Co-founded by Hayao Miyazaki (who retired from filmmaking last year) and Isao Takahata alongside Suzuki, Studio Ghibli has earned a reputation as the “Japanese Walt Disney”, releasing such classic anime films as Castle in the Sky, Grave of the Fireflies, My Neighbor Totoro, Kiki’s Delivery Service, Princess Mononoke, Spirited Away, Howl’s Moving Castle, Ponyo and The Wind Rises.
When Marnie Was There was released in Japan last month, and has so far made around $3.5 million at the box office. Ghibli’s previous film The Tale of Princess Kaguya grossed around $48 million, which »
- Gary Collinson
Japanese animation powerhouse Studio Ghibli has had a long history of nabbing big-name actors for its films in U.S. distribution—from Christian Bale in Howl’s Moving Castle to Tina Fey and Matt Damon in Ponyo—and its latest release is no different.
U.S. distributor Gkids announced in a release today that Chloë Grace Moretz (Kick-Ass, Carrie) will voice the title role in The Tale of Princess Kaguya. James Caan, Mary Steenburgen, Darren Criss, Lucy Liu, James Marsden, and John Cho also lend their voices.
The Tale of Princess Kaguya is based on Japan’s oldest recorded narrative, »
- Jackson McHenry
As a trailer for Studio Ghibli's latest and possibly final feature When Marnie Was There emerges, Ryan ponders company's uncertain future...
When Hayao Miyazaki retired last year at the age of 73, animation lost one of its most accomplished and dedicated practitioners. His work, comprising 11 features and numerous shorts, needs little introduction: films such as My Neighbor Totoro, Spirited Away and Howl's Moving Castle have long since etched themselves on the minds of audiences all over the world.
Miyazaki's final film, The Wind Rises, was a bravely individual parting shot. A drama about the designer of the legendary Japanese fighter plane, the Mitsubishi Zero, it felt like a final, heartfelt statement from a truly great artist - and a fitting capstone to a remarkable career. But with Miyazaki having set aside the painstaking work he put into animating his films over the course of some 48 years, the inevitable question »
Having watched very few Studio Ghibli films, and adding Ponyo the list simply because it’s Studio Ghibli season, I have to say I never realised what a crazy world Hayao Miyazaki lives in. But yeah, he’s probably also a genius.
Ponyo is delightfully heartwarming and cute. Ponyo herself is an adroable goldfish princess who wants to be a human after falling in love with Sosuke, a human boy. Her overprotective and prejudiced father locks her up but she manages to escape and, typical of a Ghibli film, cause havoc left, right and centre.
Out of the Ghibli heroines I know of, Ponyo is by far the cutest. She’s entertaining and wise in her childlike nature. Her interactions with Sosuke and Lisa are sweet, and her size evidently does not equal her strength and soulfulness. »
- Kirsty Capes
With The Wind Rises out in the UK now, James salutes the work of its legendary animator, Hayao Miyazaki...
The Wind Rises gets its UK release this week, and that's very good news for those of us who've been waiting patiently for Hayao Miyazaki's new movie. Studio Ghibli's latest - a fictionalised biopic of the aircraft engineer and designer Jiro Horikoshi - came out last July in its native Japan. Now, finally, we arrive at the point where we can see the acclaimed anime feature though, indubitably, the experience will be a bittersweet one.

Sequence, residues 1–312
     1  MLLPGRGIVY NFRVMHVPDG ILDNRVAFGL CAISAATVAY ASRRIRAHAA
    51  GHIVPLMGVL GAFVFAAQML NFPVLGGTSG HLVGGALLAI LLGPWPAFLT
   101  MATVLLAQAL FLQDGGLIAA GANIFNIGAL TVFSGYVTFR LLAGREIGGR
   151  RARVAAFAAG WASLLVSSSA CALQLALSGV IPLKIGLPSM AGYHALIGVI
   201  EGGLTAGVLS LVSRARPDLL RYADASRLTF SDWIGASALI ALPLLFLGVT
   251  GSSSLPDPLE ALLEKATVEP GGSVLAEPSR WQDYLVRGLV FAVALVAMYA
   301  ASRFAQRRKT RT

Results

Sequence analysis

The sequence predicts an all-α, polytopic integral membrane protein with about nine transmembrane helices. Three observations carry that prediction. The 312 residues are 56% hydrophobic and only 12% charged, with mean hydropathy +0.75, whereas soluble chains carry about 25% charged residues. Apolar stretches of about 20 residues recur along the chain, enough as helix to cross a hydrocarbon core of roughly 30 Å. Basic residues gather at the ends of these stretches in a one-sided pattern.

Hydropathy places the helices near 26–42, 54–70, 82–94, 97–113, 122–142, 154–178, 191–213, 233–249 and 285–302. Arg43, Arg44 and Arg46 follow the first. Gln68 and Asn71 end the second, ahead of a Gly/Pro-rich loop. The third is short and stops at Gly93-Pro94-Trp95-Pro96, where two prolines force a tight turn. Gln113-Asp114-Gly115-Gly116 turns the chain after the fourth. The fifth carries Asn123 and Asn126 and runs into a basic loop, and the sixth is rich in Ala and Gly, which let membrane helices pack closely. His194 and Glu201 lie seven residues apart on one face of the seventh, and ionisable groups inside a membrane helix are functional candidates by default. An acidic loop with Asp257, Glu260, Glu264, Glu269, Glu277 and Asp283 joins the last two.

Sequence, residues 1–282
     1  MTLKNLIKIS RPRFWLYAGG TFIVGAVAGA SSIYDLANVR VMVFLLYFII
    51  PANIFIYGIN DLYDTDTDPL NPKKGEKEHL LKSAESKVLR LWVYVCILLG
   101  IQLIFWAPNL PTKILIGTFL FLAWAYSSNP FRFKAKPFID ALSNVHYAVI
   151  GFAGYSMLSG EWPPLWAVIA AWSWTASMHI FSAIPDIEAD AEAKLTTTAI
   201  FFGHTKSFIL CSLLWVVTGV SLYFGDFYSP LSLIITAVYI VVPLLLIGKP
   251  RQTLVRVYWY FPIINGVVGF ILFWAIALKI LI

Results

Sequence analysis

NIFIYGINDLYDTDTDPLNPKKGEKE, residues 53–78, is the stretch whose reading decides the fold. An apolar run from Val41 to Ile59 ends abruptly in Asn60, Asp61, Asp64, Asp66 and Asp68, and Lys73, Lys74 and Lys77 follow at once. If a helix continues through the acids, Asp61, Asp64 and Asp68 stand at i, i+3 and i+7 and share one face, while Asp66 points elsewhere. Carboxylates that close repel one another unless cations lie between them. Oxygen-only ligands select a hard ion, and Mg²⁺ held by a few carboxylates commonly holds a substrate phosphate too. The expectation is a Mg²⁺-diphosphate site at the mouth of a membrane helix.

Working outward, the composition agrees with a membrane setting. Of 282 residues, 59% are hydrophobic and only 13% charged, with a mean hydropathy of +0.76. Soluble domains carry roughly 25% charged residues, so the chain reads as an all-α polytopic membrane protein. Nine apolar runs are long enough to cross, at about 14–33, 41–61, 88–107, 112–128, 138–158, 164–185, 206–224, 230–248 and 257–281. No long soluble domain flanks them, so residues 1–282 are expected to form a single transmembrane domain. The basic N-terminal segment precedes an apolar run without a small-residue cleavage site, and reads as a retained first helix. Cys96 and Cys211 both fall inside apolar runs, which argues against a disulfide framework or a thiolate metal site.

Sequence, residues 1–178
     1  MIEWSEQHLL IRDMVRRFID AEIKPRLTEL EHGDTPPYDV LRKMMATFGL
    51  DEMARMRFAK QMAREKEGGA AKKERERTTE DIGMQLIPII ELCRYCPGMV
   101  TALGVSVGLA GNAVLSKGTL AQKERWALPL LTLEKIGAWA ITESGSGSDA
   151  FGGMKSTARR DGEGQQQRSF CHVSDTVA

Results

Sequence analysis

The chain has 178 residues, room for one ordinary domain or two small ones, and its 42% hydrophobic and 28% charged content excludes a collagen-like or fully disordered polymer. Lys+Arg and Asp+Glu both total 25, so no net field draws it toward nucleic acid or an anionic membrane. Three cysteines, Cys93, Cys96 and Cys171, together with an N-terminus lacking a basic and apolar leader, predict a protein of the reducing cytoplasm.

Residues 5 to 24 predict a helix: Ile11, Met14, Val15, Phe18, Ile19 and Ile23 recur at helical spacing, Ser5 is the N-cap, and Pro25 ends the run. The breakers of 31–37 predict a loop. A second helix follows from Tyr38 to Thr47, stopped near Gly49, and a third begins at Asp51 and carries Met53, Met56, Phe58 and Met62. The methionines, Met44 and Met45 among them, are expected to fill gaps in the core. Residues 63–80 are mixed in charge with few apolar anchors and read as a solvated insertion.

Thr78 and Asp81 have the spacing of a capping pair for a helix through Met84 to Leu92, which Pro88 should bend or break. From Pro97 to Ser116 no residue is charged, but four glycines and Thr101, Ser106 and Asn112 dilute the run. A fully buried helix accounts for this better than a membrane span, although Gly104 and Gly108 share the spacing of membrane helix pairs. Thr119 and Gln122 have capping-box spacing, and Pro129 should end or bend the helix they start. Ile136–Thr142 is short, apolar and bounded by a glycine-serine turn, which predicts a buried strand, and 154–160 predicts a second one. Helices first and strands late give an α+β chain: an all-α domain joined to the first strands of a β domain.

After this one there will be no new Miyazaki films. The man responsible for such cinematic masterpieces as My Neighbour Totoro, Princess Mononoke and Spirited Away announced his retirement from moviemaking last autumn. Though the animation auteur has made similar statements in the past and subsequently returned to direct again, it appears that »
Tokyo – Frozen remains untouchable at the Japanese box office, surpassing $156 million (￥15.9 billion) over the Golden Week holidays, and overtaking Avatar and Hayao Miyazaki's Ponyo on a Cliff to enter the all-time top ten highest grossing films in the territory. Golden Week -- a bunch of public holidays grouped together that ended Tuesday -- is usually a bumper box office period, and Walt Disney Studios Japan timed the release of the 3D Japanese-language version of Frozen to coincide with it. The soundtrack album has also been at number one in the local charts for the last two
- Gavin J. Blair
To celebrate the cinema release of Hayao Miyazaki’s farewell film, The Wind Rises on 9th May, we are giving 3 of you the chance to win a copy of Pom Poko, Princess Mononoke and the Cat Returns on Blu-ray and Studio Ghibli Steel Books of Ponyo, My Neighbour Totoro and Howl’s Moving Castle.
The farewell masterpiece from the legendary Hayao Miyazki, co-founder of Studio Ghibli, and Academy Award-winning creator of Spirited Away, Howl’s Moving Castle and Ponyo, The Wind Rises is a fictionalised biography of Jiro Horikoshi, visionary designer of Mitsubish A6M aircraft. A stunningly beautiful animated epic, the film charts one man’s struggle to achieve his childhood dreams of flight, and paying heartfelt tribute to the power of imagination.
Please note: This competition is open to UK residents only
a Rafflecopter giveaway
The Wind Rises is out in UK cinemas on 9th May and for »
Director: Hayao Miyazaki; Screenwriter: Hayao Miyazaki; Starring: Joseph Gordon-Levitt, Emily Blunt, John Krasinski, William H Macy, Stanley Tucci, Werner Herzog; Running time: 127 mins; Certificate: PG